Posts Tagged ‘php mail’

Integrate your MailChimp Newsletter Subscription (form)
Integrate a Newsletter Subscription Form with MailChimp’s API

MailChimp’s simple and direct API makes it easy to access the email service provider’s list management tools.

MailChimp is popular with small ecommerce site owners, thanks to the company’s “Free Forever” plan that allows a marketer to send as many as 12,000 emails per month at no charge. In this article, I will describe how to create a basic newsletter subscription form that uses the MailChimp API to automatically add subscribers to a MailChimp list, with some basic PHP and HTML5. This tutorial assumes that you are working with a web server that has PHP installed.

It is worth noting that MailChimp provides excellent API documentation and examples on its developer site.

Build the HTML Form

The first step toward creating a newsletter subscription form that is connected to the MailChimp API is to create the HTML form. In this example, my form collects the user’s email address, first (given) name, and last (family) name.

<form method="get" id="subscription-form">
			<label for="subscribe_email">Email Address, Please:</label>
			<input type="email" name="subscribe_email" id="subscribe_email" required aria-required="true" autocomplete>					
			<label for="subscribe_firstname">Given Name, Please:</label>
			<input type="text" name="subscribe_firstname" id="subscribe_firstname" required aria-required="true" >					
			<label for="subscribe_familyname">Family Name, Please:</label>
			<input type="text" name="subscribe_familyname" id="subscribe_familyname" required aria-required="true" >					
<button type="submit">Subscribe to Newsletter</button>				

There are a couple things to notice about this form. First, I am using the “get” method, which is how I will pass the values from the input fields to the MailChimp API. Notice, also, that I am using the HTML5 “email” input type for my “subscribe_email” field. This input type will do basic email address validation without any JavaScript or PHP coding. Finally, notice that I have made all of the fields required, and I am using aria-required=”true” to help visually impaired users. With a little CSS3, my form will look something like the following. Of course, it won’t do anything yet.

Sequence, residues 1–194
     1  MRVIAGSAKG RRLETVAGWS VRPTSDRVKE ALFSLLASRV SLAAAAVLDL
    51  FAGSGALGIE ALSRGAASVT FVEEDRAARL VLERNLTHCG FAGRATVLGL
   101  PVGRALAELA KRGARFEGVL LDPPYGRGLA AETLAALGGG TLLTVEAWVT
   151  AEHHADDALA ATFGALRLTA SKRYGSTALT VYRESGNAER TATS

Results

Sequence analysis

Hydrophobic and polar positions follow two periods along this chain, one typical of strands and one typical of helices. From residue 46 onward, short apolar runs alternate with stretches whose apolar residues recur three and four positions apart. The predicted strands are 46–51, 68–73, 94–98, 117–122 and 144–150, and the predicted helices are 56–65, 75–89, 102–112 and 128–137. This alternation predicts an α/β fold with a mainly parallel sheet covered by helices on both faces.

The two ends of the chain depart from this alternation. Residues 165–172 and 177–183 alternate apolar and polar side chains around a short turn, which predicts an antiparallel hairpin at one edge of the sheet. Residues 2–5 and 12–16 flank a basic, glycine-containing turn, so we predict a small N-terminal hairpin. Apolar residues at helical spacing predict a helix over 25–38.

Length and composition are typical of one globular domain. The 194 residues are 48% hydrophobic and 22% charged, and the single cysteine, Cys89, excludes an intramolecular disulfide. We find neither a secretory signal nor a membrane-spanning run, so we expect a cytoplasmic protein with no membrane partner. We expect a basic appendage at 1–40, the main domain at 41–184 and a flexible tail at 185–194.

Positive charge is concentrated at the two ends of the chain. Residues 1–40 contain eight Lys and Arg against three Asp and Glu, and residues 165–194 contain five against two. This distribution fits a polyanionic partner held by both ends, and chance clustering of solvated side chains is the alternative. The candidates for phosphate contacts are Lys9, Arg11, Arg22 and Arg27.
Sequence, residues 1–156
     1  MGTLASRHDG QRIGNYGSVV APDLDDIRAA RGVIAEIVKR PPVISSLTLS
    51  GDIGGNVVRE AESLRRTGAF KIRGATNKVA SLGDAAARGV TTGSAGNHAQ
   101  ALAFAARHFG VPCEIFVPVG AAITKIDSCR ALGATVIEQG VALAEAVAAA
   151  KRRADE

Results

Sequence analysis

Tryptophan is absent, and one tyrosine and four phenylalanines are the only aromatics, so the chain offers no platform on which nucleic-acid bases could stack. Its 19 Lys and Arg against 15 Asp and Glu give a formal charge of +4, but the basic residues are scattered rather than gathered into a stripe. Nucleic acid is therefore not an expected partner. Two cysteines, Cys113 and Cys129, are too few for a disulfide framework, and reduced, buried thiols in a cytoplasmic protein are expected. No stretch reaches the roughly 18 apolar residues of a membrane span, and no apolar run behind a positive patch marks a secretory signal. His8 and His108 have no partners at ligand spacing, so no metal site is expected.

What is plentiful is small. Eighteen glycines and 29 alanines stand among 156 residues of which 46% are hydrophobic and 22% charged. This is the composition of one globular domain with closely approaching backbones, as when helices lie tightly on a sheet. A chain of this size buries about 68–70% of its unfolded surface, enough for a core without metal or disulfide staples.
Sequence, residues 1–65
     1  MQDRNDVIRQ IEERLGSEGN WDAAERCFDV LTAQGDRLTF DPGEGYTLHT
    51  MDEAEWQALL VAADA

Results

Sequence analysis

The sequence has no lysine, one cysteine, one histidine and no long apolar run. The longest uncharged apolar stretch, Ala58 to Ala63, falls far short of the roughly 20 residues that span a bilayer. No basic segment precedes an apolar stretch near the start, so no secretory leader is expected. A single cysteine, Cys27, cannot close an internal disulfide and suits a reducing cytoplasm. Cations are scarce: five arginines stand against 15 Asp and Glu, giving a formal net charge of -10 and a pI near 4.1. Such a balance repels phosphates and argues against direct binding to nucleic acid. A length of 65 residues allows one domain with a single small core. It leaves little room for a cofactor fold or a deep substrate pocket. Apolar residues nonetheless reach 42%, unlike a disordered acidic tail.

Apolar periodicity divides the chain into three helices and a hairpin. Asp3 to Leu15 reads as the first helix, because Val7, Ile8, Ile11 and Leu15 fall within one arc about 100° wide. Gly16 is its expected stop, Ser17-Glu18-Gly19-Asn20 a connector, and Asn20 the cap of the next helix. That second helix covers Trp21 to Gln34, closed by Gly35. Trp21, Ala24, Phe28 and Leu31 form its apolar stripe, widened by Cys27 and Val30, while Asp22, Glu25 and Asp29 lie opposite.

Establish a MailChimp Account

Since I am focusing on working with the MailChimp API, it stands to reason that you will need a MailChimp account. Once you have registered for a MailChimp account and created a list (since our goal is to add subscribers to that list via the API), you will need to collect two numbers for the MailChimp API.

First, you need the unique list ID. You can find this list ID by navigating to Lists > Settings in the MailChimp interface. Select a list and the unique list ID will be near the bottom of the page.

Next, you need an API key. To generate this key, navigate to Account > API Keys & Authorized Apps in the MailChimp navigation. You will need to “add a key” and then almost instantly, MailChimp will display your new key.

Download the MailChimp API for PHP

Once you have unzipped the MailChimp download, you will need to place at least MCAPI.class.php and store-address.php in your site’s folder structure.

Update store-address.php

In an effort to be an appropriately lazy developer (remember that an efficient developer often reuses code), I simply used the store-address.php file MailChimp provided as an example, rather than writing a similar bit of PHP myself. From this code, I removed several lines that I did not need.

You will need to add your API key and unique list ID to this code as the values for the variables $api and $listid. Notice also that I have inserted my form input field names as the specific keys for the $GET superglobal. (In PHP, a “superglobal” is a built-in variable available in any scope.)

<?php /*/////////////////////////////////////////////////////////////////////// Part of the code  by xyz ( Distributed under Creative Commons license ///////////////////////////////////////////////////////////////////////*/ function storeAddress(){ require_once(‘MCAPI.class.php’);
$api = new MCAPI(‘YOUR_API_KEY_GOES_HERE’); $list_id = “YOUR_LIST_ID_GOES_HERE”; $mergeVars = array(
‘FNAME’=>$_GET[‘subscribe_firstname’], ‘LNAME’=>$_GET[‘subscribe_familyname’]
); if($api->listSubscribe($list_id, $_GET[‘subscribe_email’], $mergeVars) === true) { return ‘Success. Check your email to confirm sign up.’; }else{ // An error occurred, return error message return ‘Error: ‘ . $api->errorMessage; } } ?>

To reference this file from my subscription.php file, I used PHP’s built inrequire_once.

<?php require_once (‘store-address.php’); ?>

I want the page to display the subscription form when a user first arrives and display a success message once the form has been filled out. So I wrapped the form in a conditional statement that checks for the existence of a “subscribeemail” key in the $GET superglobal. I used the NOToperator “!” So my conditional reads, “if subscribeemail does _not exist, do the following.”

I am mixing PHP and HTML here, so I use PHP’s alternative syntax.

<?php if (!$_GET[“subscribe_email”]): ?>
… // from HTML here
<?php endif; ?>

I used a similar conditional statement to display the success message.

<?php if ($_GET[“subscribe_email”]): ?>
<p>Thank you for subscribing to Look for a confirmation email soon.</p>
<?php endif; ?>

hat is it. When a user completes the form and clicks the submit button, the MailChimp API will generate a confirmation email and — once the confirmation is complete — the subscriber is added to the MailChimp list.


Hide e-mail addresses from bots using jQuery : Your e-mail address hidden with jQuery?